If We’re Honest

Just sharing some words from the pulpit in Maine this morning.

May these words of my mouth and this meditation of my heart be pleasing in your sight, LORD, my Rock and my Redeemer.

It’s Father’s Day, so Happy Father’s Day to all you dads out there. I thought before I get into the meat and potatoes of today’s homily, I would share some experiences with my Dad in his later years while confined to a nursing home in upstate New York.

It had almost become a ritual going over his funeral plans. For days on end he would ask me to go over the plans … plans he made.

One day, he said to me, “I just don’t understand it.” Dutifully I responded, “Don’t understand what?”

“What happens,” he said.

“What happens about what?” I asked, completely lost and not knowing where this conversation was going.

“You know, when I die.”

It caught me off guard. I told him I didn’t know, but figured this could be a “faith” moment to discuss ethereal things like heaven and relationships with Jesus. So I started, “Well, you have a deep relationship with God so …”

He cut me off mid-sentence. “I’m okay with God,” he said. “I mean, how am I going to get back to New Jersey?”

Again, we had been over this about 100 times already, and it was just one of about 100 more. But I pressed on. “The nursing home will let me know. I’ll let the funeral director know. He’ll pick you up, get you ready and drive you to New Jersey. We’ll have the funeral there and you’ll be buried by mom.”

He thought for a minute. “The undertaker will drive me there?” he asked.

“Yes,” I responded.

He had a glazed look on his face, so I asked him what was wrong.

“Nothing,” he said. “I just thought you were taking me down in your truck.”

All I could do was laugh as visions of the film Weekend at Bernie’s flashed through my mind.

Another time, he told me he dreamt he had died. He said it was so real, so I naively asked him, “What was it like,” to which he responded, “I don’t know. I woke up.”

Then there was the time he asked me if I saw his name in the newspaper. I said no and asked him why his name would have been in the newspaper. He said, “Because I died and my obituary was supposed to be in the newspaper.”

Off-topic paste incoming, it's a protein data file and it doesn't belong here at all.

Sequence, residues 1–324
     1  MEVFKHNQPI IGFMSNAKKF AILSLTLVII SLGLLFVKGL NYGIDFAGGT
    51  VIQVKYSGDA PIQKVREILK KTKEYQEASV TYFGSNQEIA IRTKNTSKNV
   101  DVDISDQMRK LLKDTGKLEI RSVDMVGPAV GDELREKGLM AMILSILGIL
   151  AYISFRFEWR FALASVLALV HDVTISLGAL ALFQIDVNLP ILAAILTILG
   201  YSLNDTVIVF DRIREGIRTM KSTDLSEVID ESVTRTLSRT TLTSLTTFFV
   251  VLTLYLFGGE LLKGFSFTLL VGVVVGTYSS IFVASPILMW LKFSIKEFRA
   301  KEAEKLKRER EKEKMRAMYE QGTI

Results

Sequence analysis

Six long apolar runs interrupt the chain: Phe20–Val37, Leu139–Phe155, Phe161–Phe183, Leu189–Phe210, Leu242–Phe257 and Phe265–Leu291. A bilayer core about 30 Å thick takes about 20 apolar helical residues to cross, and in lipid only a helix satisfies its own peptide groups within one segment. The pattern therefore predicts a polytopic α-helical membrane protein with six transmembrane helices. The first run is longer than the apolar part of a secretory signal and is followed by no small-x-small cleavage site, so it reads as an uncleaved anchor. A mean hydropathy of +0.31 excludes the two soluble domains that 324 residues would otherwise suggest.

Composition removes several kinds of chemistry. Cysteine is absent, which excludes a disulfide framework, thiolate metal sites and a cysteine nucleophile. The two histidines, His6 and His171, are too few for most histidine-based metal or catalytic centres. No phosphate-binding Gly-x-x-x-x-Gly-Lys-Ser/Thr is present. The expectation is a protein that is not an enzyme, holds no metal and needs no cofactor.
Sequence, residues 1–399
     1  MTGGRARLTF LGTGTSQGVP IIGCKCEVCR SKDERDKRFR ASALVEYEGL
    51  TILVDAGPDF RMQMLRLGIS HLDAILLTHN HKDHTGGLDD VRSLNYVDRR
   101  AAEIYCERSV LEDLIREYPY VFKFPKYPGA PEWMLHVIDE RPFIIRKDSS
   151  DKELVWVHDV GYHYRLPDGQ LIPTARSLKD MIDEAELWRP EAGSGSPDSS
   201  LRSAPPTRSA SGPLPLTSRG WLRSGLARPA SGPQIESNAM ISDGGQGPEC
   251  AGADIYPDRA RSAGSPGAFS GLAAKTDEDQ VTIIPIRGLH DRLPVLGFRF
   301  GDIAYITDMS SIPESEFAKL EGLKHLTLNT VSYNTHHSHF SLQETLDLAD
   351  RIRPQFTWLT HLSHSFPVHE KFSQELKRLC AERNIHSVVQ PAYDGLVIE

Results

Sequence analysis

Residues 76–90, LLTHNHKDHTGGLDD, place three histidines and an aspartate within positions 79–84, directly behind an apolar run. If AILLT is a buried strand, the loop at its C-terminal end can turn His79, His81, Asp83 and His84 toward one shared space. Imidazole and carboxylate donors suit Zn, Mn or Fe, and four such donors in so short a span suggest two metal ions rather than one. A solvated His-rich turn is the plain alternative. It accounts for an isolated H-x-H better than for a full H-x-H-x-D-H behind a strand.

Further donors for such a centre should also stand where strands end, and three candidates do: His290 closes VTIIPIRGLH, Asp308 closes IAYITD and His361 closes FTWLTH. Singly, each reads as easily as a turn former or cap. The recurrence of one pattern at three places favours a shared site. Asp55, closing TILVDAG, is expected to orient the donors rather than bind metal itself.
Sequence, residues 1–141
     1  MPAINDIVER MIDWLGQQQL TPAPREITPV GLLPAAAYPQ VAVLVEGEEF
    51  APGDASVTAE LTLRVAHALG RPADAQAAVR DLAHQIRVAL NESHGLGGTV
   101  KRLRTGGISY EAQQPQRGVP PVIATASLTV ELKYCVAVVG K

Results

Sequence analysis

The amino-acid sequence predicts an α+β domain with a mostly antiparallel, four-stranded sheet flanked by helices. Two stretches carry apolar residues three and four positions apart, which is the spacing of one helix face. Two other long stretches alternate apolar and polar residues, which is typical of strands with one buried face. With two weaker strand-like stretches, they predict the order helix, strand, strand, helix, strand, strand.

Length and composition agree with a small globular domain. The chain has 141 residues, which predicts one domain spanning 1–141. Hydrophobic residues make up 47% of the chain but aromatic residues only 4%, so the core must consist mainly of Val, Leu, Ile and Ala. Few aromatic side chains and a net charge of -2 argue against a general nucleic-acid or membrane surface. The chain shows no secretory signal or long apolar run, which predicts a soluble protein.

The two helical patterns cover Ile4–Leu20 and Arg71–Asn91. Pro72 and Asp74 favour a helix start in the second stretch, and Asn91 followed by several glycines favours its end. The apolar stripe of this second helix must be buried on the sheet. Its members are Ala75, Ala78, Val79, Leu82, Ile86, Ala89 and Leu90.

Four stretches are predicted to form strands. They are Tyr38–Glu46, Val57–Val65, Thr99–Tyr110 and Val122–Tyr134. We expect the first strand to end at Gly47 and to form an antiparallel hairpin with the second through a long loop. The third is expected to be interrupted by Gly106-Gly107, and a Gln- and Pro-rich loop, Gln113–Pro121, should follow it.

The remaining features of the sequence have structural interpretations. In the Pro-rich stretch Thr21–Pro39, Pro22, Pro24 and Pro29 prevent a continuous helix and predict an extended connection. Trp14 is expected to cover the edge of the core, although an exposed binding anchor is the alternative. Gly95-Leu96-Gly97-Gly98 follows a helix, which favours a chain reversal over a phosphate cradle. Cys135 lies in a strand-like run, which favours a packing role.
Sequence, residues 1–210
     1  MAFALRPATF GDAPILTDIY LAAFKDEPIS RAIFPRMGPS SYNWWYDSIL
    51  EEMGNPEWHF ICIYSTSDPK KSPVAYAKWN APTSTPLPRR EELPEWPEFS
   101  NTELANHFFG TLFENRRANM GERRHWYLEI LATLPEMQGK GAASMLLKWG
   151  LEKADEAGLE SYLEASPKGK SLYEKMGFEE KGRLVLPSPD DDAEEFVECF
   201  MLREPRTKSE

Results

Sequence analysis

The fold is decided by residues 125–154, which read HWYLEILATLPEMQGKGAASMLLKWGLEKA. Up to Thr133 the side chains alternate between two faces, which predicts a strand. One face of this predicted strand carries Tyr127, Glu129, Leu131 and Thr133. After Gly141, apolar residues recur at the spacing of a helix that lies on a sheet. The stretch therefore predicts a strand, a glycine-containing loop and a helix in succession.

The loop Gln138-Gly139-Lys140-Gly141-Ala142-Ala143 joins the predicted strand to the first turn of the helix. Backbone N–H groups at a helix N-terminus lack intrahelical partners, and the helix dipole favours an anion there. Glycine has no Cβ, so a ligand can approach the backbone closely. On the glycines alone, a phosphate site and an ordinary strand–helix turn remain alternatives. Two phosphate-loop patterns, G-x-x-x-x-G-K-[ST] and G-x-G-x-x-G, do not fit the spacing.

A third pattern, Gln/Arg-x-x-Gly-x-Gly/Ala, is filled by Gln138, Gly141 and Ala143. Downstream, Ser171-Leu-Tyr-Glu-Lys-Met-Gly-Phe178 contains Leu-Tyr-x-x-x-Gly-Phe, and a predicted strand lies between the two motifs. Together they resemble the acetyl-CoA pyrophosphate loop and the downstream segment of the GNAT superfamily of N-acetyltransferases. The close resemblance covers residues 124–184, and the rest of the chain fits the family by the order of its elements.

I assured him he did not die because we were talking and he seemed to agree it must have been a dream. But he told me to check tomorrow’s paper. “Okay,” I said, “Why?” He answered, “Just to make sure. It’s after lunch so maybe it was too late for today’s paper.”

That spring, I was complaining about gas prices. A couple of days later, he asked if prices were still rising. I said yes and he shot back, “Is that going to make a difference for my funeral.” I didn’t understand where he was going so I asked him what he meant. He said, “You said everything was paid for. Do you have enough to get me back to Paterson?” In one of my flippant moments, all I could say was, “No, we just have enough to get you to the Delaware Water Gap.”

As I said during his eulogy, “Dad, we had enough.”

 

If you had faith the size of a mustard seed, you could say to this mulberry tree, “Be uprooted and planted in the sea,” and it would obey you. (Luke 17:6)

If we’re honest — notice how I linked the sermon topic — do we really believe that? Do we have the power to make extraordinary things happen? Can we change the natural order of things?

I believe we do and can, although I say that with a little caveat. We cannot do it, but our faith can. That, my friends, I believe, is what Jesus was saying in the opening words of today’s gospel. And Matthew (17:20), Mark (4:30-31) (9:23) and (11:22) echo Luke’s words, All things are possible to him who believes!

All my life, I’ve been a pretty positive guy. I always looked at the “half full” side of the glass. Even in dark days I could look beyond the storm. Okay, some times I had to be forced to be still and remember God is God and in control. And I will never say I totally understand the whys of life.

But I have learned to accept the daily ups and downs and recognize I am not in control. I want to be, Lord knows, but I’m not.

After we learned the prognosis of Karen’s illness, my mantra song was Dare To Believe by Ray Boltz. I would crank it up when it played on the radio or if I had popped in the CD. Everyone knew I was coming … they could hear me.

There’s a miracle inside you
It’s just a mustard seed of faith
But by the mighty hand of God now
You know that tiny seed was placed …

For the God that we serve
He is much more than able, yes, He is
So don’t be afraid
Stand up and say, I dare to believe

I dare to believe
That miracles happen, yeah
That mountains still move
And demons must flee …

I believed that with all my heart. I still do, although God’s results didn’t move my mountain.

There are many other traditional hymns and contemporary Christian songs that address God NOT moving mountains. They are reminders to me to keep the faith … to trust … remind me who is in control … and most of all to look forward, not back. A contemporary favorite of mine is Trust in You by Lauren Daigle. The chorus says it all …

When You don’t move the mountains
I’m needing You to move
When You don’t part the waters
I wish I could walk through
When You don’t give the answers
As I cry out to You
I will trust, I will trust, I will trust in You

Let’s be honest. THAT is extremely difficult. Our faith does get shaken. Our focus does get diverted. We retreat into ourselves or we lash out at others. We get hurt. We get disappointed. We get disillusioned. We can’t make sense of the violence or abuse or illness or even the death of someone close.